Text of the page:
Until the mid-19th century, rivers were the most important natural transport routes which is why towns were mainly founded along them – as centres of economic, social, political, and cultural development.
The Treaty establishing the European Economic Community of 1957 already announced the introduction of a common transport policy as one of the three most important policies for the Community – including inland waterway transport. However, we had to wait around 30 years for the actual introduction of this policy.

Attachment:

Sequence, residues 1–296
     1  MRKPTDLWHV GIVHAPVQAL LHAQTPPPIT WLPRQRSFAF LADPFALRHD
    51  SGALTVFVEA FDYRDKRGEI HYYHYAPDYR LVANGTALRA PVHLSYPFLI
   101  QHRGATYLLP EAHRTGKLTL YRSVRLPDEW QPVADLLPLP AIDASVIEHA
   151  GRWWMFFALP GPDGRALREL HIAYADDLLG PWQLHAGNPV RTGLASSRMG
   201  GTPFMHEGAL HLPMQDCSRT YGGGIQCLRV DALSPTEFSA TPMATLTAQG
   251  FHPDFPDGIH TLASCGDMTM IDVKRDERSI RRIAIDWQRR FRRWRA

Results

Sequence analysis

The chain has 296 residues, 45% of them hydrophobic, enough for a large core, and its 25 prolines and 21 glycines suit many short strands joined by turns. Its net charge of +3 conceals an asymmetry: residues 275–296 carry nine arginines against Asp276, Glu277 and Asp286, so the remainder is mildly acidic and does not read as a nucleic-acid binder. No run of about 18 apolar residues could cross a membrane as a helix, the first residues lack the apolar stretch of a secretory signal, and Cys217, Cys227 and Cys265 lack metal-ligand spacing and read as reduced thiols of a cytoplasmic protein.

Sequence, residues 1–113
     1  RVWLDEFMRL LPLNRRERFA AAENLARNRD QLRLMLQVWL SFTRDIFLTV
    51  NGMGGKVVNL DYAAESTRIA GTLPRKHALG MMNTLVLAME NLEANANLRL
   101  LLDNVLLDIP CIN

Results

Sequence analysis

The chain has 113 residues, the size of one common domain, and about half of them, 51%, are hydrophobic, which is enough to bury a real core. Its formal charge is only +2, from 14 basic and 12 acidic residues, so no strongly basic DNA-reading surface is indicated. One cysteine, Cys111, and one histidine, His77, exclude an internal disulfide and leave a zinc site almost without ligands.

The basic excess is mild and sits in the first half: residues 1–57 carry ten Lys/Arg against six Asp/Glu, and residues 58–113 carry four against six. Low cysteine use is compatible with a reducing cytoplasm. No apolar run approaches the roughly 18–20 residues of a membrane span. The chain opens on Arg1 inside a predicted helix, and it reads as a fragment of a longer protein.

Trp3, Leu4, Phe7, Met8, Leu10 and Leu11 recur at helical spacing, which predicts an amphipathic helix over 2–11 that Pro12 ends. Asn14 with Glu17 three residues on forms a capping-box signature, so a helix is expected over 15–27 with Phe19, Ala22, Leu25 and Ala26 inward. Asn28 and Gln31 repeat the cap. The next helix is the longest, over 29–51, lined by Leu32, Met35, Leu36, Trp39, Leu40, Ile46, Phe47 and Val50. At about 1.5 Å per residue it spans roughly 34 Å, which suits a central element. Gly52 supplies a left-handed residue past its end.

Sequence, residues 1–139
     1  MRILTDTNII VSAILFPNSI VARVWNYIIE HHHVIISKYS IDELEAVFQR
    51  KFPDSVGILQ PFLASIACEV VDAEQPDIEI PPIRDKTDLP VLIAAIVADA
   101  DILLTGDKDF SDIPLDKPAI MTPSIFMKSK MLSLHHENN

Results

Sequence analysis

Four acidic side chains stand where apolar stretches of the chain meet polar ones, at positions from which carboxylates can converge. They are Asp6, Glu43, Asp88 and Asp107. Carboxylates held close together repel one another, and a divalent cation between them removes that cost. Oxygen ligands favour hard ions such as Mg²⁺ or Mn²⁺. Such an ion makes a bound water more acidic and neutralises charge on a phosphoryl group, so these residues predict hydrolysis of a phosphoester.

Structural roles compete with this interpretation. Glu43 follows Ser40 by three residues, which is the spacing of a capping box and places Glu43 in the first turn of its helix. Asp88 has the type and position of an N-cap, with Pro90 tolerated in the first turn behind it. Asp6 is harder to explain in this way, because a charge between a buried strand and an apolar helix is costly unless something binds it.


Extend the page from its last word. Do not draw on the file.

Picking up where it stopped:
The length of the inland waterways network in Poland equals 3,722 km, 3,513 km of which are used by shipping and only 5.5% of Polish waterways (206 km) meet the requirements for international roads (classes IV and V).
The Polish section of the IWW encompasses six voivodeships: Zachodniopomorskie, Lubuskie, Wielkopolskie, Kujawsko-Pomorskie, and Warmińsko-Mazurskie, totalling up to almost 41% of Poland’s territory, inhabited by 31% of all the citizens.